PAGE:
She repeated that like a mantra in her head while she sat on a bench waiting for the sun to be full up, almost feeling normal when she heard the dogs. There were two large German shepherds, straining on leashes, coming right at her. The two men holding them were OSLO employees. The men bent down at the same time to unhook the dogs from their leashes as Seroje slipped her hand into her purse. She didn’t even take her hand out, firing twice through the purse. Both dogs dropped and the men pulled out guns out from under baggy shirts, but she fired two more shots and they dropped.
She didn’t even wait for her brain to register what had happened as she moved as fast as she could, running into the trees, stepping behind bushes, but there was no one around as she came up to the parking lot from the other side. Seroje drove out of the park before anyone noticed the bodies.
She stopped and parked the car in another park. Her whole body shook, shocked by the blatant attempt on her life. She couldn’t even see straight because her eyes jittered so much as she stared at the steering wheel of the car.
Her phone lit up.
Morning. I love you, Craig texted.
The words had no meaning to her other than being annoying and making her angry.
I’m working. Quiet, she texted back, unable to see the keyboard and typing by feel.
She did have work to do, but she needed more than just her phone. The phone was connection was slow, and she needed to do a lot of work, a lot of work at OSLO. The time had come to go back under their noses, not only to see if she could find out more information, but to see how they were tracking the ring. There was more to OSLO than she was seeing. She’d been thinking only within the confines of the OSLO building. Seroje had to step out of those confines. And she had to stay out of Quiet Waters Park where they kept finding her.
OSLO was now a bad four-letter word in her mind. What sort of company sent people out to kill? Self-defense and being a bodyguard were one thing, but this was an outright murder attempt. She decided OSLO had to be a front for something.
Sirens startled her, bringing her back to the present and where she was. OSLO couldn’t continue to operate without getting police involvement at some time. She’d just killed two people at the park. Two people at the restaurant. Two dogs.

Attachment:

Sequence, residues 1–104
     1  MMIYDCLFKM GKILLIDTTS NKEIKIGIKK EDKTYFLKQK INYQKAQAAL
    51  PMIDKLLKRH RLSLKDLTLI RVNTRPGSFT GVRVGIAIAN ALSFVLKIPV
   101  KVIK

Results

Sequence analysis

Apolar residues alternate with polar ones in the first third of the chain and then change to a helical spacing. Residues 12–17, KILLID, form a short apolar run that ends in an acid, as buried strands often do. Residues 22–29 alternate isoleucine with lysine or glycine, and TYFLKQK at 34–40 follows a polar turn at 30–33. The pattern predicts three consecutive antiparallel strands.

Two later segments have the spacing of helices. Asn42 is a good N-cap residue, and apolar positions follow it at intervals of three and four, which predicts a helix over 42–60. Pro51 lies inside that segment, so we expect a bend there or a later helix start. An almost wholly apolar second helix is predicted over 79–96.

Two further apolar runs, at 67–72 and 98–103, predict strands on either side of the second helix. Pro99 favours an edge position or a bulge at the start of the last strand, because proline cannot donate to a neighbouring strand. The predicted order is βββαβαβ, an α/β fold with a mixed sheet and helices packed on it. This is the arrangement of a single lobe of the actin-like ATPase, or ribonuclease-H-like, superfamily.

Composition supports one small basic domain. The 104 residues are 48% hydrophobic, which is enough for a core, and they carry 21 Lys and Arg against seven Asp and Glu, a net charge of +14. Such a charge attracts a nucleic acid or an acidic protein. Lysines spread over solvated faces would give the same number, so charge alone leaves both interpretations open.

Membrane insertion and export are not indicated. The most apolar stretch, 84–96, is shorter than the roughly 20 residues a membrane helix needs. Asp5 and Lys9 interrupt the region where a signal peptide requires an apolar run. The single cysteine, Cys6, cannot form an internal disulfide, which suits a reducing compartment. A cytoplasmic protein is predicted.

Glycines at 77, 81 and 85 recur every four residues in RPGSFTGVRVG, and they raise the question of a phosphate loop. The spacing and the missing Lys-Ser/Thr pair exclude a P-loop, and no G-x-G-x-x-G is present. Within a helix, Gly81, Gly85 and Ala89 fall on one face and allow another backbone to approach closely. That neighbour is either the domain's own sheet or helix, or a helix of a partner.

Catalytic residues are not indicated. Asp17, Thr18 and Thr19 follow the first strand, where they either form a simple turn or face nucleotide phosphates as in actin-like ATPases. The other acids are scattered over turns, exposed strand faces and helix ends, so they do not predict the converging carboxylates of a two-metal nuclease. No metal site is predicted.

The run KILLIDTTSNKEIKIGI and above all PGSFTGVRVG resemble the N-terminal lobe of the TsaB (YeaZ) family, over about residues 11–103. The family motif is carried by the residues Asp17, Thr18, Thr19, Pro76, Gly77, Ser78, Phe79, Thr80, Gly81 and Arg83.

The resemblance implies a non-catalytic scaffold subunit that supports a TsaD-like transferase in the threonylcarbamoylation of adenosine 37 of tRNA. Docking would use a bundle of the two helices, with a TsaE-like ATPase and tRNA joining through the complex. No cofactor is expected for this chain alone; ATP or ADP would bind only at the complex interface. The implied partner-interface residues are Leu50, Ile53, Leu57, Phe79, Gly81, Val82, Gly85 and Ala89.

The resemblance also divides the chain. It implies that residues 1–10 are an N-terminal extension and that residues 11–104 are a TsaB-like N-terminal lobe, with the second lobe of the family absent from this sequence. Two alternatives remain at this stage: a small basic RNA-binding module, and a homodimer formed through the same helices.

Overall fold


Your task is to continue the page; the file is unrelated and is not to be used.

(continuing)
She reloaded the gun, dumping the used shells in the garbage of the park. That was the good thing about the revolver. A revolver didn’t eject the shells once the bullet was fired. Therefore, she left no shells. The bad was the limit of five shots before a reload. Good thing there’d not been three dogs and men.
She received no more texts from Craig while she drove to a hospital a few miles from the OSLO building. The hospital facility was busy twenty-four hours a day and she hid the car in the middle of the parking lot where it would remain inconspicuous for days if need be.
She packed supplies she needed into her purse and set off on the walk, timing things so she’d arrived during the lunch hour. A block away, she stopped to use her phone to log into OSLO. The smallness of the keyboard slowed her down while she logged into the main switch to check on the cameras. They’d gotten the cameras working by putting them in different ports in the switch.
Mark hadn’t figured out the ports were shut down. He was more of a programmer than a networking guy and didn’t understand the switches. She wished she knew which one was the back camera, so she could only switch that one off, but she’d need access to that system in order to figure that out, which she couldn’t do over the phone. That was something she could work on once she was in OSLO for the future.
She left her phone connected and approached the back of the building, outside of the camera range.
The time was twelve twenty-five pm.
She shut down the ports for the cameras, held the button to turn her phone off, then put on a glove and ran to the door ready with the key. The door wasn’t even locked, and she slipped inside, down the stairs and into the maintenance closet in the basement.
She put her phone in her purse and put her other glove on, knowing that being in the closet wasn’t enough of a hiding spot. There was a narrow hallway whereby placing her feet on one wall and pushing her back and hands against the other, she “walked” up between the walls and into the basement ceiling that was at least twelve feet above the floor. There were grid supports onto which she could move out of sight of the closet.
She found a good perch over a cement wall, comfortably sitting with her feet against a support grid. The only way someone could see her was if they got up there with her.
Ultra stealth mode, she thought, just as the closet door opened.
“Search the whole fucking building inch by inch,” Hank’s voice said. “Where’s the goddamn maintenance guy? Where’s Byron. Where’s Mark? I’ll fire that programmer’s ass as well. He said we could track her. Well, where the hell is she? Wish I knew about that goddamn ring sooner. Fucking Craig. I forgot he tracked all his women since that one who was still married.”
“We’re securing the building now, killing all the remote access and resetting all the passwords and rekeying the locks,” a new voice said.
“I want this building to be like Fort Knox and better,” Hank said with a hiss. “This has gone too far.”
“Gotta admit, she’s good,” the voice said.
“The goddamn best we have. Goddamn Craig. I know he picked her out to do this. Knew we’d have problems with him. Is this goddamn closet bugged?”
“Of course not. We gotta have some clean spot to talk,” the man said.